President of Cuba Miguel Diaz-Canel, left, with Archbishop Vicken Aykazian

Archbishop Aykazian as Part of Delegation Meets With Cuban Leaders, Iranian Foreign Minister


WASHINGTON — Archbishop Vicken Aykazian, Diocesan Legate and Ecumenical Director of the Eastern Diocese of the Armenian Church of America, participated recently in ecumenical delegations traveling to Cuba, meeting with the Cuban president, and speaking with the Iranian foreign minister.

The Council of Churches of Cuba invited a delegation from the National Council of Churches of Christ in the US (NCC) to go to Cuba from August 22 to 25 to help celebrate the 70th anniversary of the creation of the World Council of Churches. Five church leaders went, including Aykazian.

Aykazian explained that the Cuban government knew of their visit and invited them to meet with various authorities. Minister of Foreign Affairs Bruno Rodriguez Parrilla cut short his vacation to speak with them.

Archbishop Aykazian said, “We discussed how we can bridge the differences between the US and Cuba and create a peaceful coexistence between Cubans and Americans.” He said that as always on his trips and meetings, he brought up the question of the Armenians. He related that they played an important role in the life of Cubans and that Soviet leader Anastas Mikoyan was an Armenian. The foreign minister replied that of course, he knew about this very well, and that Mikoyan was a hero for Cubans.

There are very few Armenians living in Cuba now, said Aykazian. They probably do not number over 50, he estimated. He did not have the opportunity to encounter any of them.

The ecumenical visiting delegation was on Cuban television every day of its visit. It met with local people, church leaders and other governmental authorities, including ministers and former representatives of Cuba to the US. The problem of what is happening to American diplomats in Cuba was discussed. The Cuban officials assured the delegation that they had nothing to do with it and invited the US government to come and check on the spot.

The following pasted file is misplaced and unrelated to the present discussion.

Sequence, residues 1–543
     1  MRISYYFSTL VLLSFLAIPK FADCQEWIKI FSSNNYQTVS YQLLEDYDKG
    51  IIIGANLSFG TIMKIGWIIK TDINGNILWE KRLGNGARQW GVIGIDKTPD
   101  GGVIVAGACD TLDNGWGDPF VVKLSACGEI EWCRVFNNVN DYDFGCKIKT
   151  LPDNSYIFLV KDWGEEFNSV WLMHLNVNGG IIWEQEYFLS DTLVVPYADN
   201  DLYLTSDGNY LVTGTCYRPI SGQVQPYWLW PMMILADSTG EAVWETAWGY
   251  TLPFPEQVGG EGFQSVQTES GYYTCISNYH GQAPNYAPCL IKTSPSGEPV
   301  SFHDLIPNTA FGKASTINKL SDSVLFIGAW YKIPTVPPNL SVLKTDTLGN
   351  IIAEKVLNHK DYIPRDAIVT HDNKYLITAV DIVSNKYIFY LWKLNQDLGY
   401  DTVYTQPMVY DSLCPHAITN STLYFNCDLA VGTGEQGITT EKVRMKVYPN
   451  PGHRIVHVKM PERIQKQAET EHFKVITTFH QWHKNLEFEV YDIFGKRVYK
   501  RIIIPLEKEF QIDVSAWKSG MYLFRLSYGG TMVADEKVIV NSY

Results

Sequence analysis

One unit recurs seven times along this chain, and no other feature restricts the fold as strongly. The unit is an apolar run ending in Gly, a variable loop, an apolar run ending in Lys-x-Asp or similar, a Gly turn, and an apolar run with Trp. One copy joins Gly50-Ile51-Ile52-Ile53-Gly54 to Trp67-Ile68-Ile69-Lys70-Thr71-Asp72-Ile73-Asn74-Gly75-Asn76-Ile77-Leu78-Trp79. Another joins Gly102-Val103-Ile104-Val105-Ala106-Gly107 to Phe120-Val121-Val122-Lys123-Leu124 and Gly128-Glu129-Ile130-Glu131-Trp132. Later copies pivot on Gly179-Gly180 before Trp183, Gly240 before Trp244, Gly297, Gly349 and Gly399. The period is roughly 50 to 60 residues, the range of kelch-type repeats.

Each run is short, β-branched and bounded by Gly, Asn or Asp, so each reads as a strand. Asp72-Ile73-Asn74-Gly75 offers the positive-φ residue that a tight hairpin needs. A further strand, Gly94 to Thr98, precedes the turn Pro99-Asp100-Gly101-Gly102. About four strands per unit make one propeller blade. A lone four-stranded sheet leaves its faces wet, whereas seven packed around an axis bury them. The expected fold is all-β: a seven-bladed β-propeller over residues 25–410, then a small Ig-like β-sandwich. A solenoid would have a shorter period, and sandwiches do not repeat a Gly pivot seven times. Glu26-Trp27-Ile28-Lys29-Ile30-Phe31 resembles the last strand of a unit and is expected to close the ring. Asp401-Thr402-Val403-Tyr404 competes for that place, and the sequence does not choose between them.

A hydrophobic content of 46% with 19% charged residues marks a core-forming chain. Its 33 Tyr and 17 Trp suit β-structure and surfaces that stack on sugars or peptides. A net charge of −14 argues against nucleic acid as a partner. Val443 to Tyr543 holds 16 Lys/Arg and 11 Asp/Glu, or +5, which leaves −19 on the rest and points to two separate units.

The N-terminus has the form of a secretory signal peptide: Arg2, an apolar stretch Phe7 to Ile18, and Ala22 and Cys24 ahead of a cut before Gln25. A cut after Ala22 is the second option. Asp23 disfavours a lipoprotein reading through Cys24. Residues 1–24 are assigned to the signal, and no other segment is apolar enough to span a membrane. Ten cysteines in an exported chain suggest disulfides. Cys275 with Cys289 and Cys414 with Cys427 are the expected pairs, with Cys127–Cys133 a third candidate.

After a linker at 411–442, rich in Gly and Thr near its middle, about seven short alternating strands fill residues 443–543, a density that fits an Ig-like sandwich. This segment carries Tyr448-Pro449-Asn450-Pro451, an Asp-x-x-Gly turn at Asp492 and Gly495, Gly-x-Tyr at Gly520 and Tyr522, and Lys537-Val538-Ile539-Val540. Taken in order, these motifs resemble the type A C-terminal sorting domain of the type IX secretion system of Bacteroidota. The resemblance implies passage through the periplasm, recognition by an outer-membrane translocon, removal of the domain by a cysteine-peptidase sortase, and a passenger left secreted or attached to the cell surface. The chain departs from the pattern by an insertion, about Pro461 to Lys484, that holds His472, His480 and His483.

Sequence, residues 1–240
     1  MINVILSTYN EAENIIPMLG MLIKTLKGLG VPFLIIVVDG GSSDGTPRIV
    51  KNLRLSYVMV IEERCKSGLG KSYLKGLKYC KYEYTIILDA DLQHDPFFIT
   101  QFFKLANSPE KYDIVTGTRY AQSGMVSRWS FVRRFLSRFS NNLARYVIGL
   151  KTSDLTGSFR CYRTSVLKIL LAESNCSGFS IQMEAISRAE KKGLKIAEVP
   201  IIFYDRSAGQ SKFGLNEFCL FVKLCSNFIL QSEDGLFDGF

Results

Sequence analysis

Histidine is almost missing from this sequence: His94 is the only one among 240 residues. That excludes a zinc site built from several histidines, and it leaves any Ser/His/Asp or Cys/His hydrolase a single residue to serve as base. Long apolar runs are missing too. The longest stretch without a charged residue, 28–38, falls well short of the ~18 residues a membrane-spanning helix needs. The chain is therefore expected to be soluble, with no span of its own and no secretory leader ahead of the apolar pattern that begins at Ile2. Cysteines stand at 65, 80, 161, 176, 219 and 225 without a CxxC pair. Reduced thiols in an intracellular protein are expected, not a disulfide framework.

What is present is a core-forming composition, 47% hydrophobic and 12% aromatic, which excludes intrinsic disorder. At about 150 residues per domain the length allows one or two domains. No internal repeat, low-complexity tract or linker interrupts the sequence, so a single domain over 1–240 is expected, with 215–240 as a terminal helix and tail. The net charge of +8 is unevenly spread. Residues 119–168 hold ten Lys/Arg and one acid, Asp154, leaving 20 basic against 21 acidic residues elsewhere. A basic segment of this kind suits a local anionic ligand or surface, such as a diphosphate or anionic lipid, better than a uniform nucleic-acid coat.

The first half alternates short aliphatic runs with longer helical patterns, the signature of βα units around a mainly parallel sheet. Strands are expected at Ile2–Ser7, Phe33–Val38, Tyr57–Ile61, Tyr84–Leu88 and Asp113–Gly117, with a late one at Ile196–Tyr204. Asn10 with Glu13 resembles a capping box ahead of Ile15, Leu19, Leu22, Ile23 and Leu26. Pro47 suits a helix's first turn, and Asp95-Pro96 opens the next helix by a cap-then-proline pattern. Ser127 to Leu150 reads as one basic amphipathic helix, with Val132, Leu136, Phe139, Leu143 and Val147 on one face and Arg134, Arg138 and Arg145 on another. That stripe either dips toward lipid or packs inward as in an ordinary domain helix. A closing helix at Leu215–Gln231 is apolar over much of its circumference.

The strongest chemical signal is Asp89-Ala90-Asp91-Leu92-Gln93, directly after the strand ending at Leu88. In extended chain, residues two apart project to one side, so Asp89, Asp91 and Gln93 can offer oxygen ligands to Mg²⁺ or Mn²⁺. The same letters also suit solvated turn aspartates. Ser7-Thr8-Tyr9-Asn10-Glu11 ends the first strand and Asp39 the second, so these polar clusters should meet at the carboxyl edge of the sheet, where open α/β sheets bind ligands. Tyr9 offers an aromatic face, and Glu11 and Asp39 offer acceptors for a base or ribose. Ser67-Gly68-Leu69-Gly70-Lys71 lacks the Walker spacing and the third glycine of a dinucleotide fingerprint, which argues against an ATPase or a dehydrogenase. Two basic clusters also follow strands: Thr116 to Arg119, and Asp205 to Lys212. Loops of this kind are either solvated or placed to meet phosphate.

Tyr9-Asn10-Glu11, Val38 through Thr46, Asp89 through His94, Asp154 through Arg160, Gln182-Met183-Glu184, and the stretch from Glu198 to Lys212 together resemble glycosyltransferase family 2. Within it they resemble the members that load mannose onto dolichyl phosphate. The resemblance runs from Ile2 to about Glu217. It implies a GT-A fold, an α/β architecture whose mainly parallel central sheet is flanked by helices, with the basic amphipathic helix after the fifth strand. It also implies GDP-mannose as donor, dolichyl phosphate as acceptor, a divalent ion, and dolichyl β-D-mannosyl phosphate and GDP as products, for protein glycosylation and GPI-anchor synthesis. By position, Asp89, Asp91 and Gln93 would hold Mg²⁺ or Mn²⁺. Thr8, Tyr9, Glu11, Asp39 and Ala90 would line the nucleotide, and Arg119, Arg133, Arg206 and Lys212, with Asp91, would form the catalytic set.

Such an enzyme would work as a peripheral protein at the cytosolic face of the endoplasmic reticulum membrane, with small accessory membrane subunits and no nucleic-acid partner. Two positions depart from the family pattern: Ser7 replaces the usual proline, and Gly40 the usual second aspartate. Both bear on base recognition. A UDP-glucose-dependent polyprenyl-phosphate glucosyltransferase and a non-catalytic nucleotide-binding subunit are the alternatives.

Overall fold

Get the Mirror in your inbox:

The Cubans asked the delegates to talk with church leaders in the US as well as American officials to assure them that Cuba is not a threat to the US. On the contrary, they said that they really wish a good relationship, as they are only 70 miles away from Miami. These requests were made of the delegates because the NCC has always been in touch with the Cuban Council of Churches and played a much appreciated and important role, for example, in sending back the child Elian Gonzalez to his home.

Later that month, when the president of Cuba, Miguel Diaz-Canel, came to New York to attend the United Nations meeting, he invited a small group of US church leaders to meet with him. On September 27 the clerics had a very good conversation, Aykazian reported, in the same spirit as the meetings back in Cuba. The president repeated his desire for normal relations with the US and thanked the clerics for continuing to do what they have done for so many decades. Unfortunately, Aykazian said, relations have gotten worse between the two countries after the election of President Donald Trump.

While in New York, a small group of roughly 10 religious and civil leaders received an invitation to meet with Iranian Foreign Minister Mohammad Javad Zarif of Iran on September 30. The group included the president of the National Council of Churches, and one leader each from the Evangelical, Episcopalian, Methodist and Armenian churches. There were also civic leaders such as US congressmen and Columbus School of Law of Catholic University Prof. Marshall J. Breger. This group is involved in the Dialogue of Abrahamic Religions, which was the organizer of this meeting. The Dialogue of Abrahamic Religions works to bring the Iranian and America people closer to each other.

The group of Americans went to the Iranian mission to the United Nations, where the meeting began with a prayer offered by Aykazian. The foreign minister described the current situation in Iran, including the nullification of the accord signed with the Europeans and the US after the election of President Trump. Zarif said that his government did not know what would happen next, but that meanwhile, the sanctions were affecting the ordinary Iranian people a lot.

The members of the group began to ask questions. Aykazian thanked the Iranians for being very friendly toward the Armenians and supporting the Iranian-Armenian community for over 400 years. He said that the Armenians never have had a problem with Iran and are renewing or building churches there in the 21st century while Iran’s neighbor Turkey every month destroys an Armenian church.

He said that as an Armenian, he always worked for peace and the integrity of human beings. He promised to work for peace between the two nations of Iran and the US.

The foreign minister replied that when an Iranian says to somebody that he is like an Armenian, that means that he is a very correct person because the Armenians have been an integral part of Iran and have been a very, very correct people. By correct, the minister meant honest and hardworking.

The meeting lasted 1½ hours. The majority of the Americans present were supportive of a peaceful resolution to the Iranian-American crisis in relations, and the Evangelical delegate promised to attempt to pass a message to President Trump, whom he said it is possible to work with and is not a bad man.

Get the Mirror-Spectator Weekly in your inbox: